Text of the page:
Augmented Reality with getUserMedia and Mobile: Part 1

Hey ya’ll,

This is going to be a multipart series talking about using getUserMedia on a mobile device to get a camera stream and ultimately use it to for the purpose of augmented reality. Eventually, I will introduce some webGL components but for now let’s get up and running.

First let’s take a look at compatibility: you need to make sure you’re not using it for something that needs to be implemented within the next year on iPhone (they just introduced webGL in IOS 8, so it should be some time, if ever, that they allow native webcam streams from the browser). This technology should only be used on edge devices on android.

Ok let’s get started by looking at the available media sources:

navigator.getUserMedia = (navigator.getUserMedia || navigator.webkitGetUserMedia || navigator.mozGetUserMedia || navigator.msGetUserMedia);

function init() {
                        if (typeof MediaStreamTrack === 'undefined'){
                            alert('This browser does not support MediaStreamTrack.\n\nTry Chrome Canary.');
                        } else {

function gotSources(sourceInfos) {
                        for(var i = 0; i < sourceInfos.length; i++) {
                            var si = sourceInfos[i];
                            if(si.kind === 'video') {
                                // could also face the 'user'
                                if(si.facing === 'environment' || si.facing.length === 0) {
                                    sourceId =;
                                    // init webcam

Now lets make that “initWebcam” function:

function initWebcam() {
                        if(navigator.getUserMedia) {
                            sp = $('.streamPlayback')[0];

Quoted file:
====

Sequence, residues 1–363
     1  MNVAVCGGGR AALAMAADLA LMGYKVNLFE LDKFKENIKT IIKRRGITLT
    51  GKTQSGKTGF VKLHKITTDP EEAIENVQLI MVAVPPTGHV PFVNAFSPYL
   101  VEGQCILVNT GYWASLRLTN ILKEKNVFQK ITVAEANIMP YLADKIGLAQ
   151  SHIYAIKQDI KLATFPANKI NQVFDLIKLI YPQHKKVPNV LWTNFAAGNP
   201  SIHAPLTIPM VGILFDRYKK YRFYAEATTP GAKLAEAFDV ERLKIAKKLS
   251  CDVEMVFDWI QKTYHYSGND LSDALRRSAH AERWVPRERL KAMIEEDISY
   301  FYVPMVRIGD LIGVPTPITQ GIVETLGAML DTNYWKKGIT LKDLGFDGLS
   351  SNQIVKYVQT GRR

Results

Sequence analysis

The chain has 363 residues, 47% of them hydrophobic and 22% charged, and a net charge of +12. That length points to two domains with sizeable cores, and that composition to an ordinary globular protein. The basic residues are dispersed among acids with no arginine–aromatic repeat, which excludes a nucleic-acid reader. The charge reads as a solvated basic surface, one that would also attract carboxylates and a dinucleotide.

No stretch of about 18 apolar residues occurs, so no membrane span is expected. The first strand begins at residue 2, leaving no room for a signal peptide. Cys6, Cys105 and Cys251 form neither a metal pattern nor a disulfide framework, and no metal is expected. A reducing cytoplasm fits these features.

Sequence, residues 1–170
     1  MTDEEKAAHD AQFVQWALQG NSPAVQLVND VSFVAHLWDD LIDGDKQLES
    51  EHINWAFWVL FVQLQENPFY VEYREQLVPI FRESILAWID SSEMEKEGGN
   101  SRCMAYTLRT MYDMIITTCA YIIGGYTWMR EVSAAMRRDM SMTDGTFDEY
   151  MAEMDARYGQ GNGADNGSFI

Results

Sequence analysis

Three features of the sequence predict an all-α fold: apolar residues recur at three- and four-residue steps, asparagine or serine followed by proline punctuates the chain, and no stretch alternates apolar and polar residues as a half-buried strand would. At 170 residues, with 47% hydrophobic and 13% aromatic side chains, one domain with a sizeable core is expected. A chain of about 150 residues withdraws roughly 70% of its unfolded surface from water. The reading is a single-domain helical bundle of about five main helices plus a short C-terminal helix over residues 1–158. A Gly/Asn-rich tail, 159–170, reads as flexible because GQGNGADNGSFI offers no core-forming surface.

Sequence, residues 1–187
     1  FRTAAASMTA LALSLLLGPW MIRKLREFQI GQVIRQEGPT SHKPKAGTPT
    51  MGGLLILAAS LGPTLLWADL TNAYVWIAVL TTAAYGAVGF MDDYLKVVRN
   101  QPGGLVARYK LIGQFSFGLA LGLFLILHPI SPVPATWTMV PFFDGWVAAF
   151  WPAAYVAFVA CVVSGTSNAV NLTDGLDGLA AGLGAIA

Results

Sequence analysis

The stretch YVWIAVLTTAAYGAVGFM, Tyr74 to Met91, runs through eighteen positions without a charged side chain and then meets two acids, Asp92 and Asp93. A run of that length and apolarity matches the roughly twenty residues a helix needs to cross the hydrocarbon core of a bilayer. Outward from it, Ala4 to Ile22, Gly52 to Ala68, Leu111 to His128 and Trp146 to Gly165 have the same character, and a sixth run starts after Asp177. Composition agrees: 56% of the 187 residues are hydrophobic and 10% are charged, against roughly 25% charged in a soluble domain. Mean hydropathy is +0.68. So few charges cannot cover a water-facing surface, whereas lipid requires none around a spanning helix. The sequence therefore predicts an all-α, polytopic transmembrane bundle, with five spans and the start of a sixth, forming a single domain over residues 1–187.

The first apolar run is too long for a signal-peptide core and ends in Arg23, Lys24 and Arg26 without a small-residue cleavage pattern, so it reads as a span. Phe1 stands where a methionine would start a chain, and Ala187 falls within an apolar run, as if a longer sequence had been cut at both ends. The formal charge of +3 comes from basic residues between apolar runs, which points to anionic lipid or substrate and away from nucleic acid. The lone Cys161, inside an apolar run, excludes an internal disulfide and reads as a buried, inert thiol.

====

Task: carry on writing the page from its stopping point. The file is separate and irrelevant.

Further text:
} else {
                            alert('no user media!');
                        var mandatory = {
                            mandatory: {
                                maxWidth: videoSize.width, 
                                maxHeight: videoSize.height
                            optional: [
                                {sourceId: sourceId}
                        var options = {
                            video: mandatory,
                            audio: false
                        navigator.getUserMedia(options, handleStream, handleStreamError);

This sets up a user stream and passes in some constraints to the video camera stream like video size. I’ve disabled audio and selected a sourceId to identify the forward facing camera. NOTE: selecting a camera in this way only works on chrome 30+. On a desktop the sourceInfo.facing variable will be an empty string, even with multiple cameras. On a mobile device it will either say ‘user’ or ‘environment’, being the user facing or forward facing cameras respectively.

And of course our stream handlers:

function handleStream(stream) {
                        var url = window.URL || window.webkitURL;
                        // IMPORTANT: video element needs autoplay attribute or it will be frozen at first frame.
                        sp.src = url ? url.createObjectURL(stream) : stream;
               = videoSize.width / 2 + 'px';
               = videoSize.height / 2 + 'px';
                    function handleStreamError(error) {
                        alert('error: ' + error);

Once we get our stream, we set the video element’s width and height as well as the src. Make sure to include “autoplay” in the video element itself or you will only end up with the first frame of the video and it will look frozen, even if you call the video’s “play” method.

Now we just need to add our globals:

var sp, sourceId;
                    var videoSize = {
                        width: 1920,
                        height: 1080

I’ve made a small demo here:




All you need to do is allow the webcam, if you are on android. In the next lesson I’ll explore writing the video element to a canvas so we can start to play with pixels, add some cool effects like webcamtoy and ultimately start reacting to things like edge detection, blob detection. Finally, we’ll finish up with a simple facial recognition system and ultimately augmented reality.



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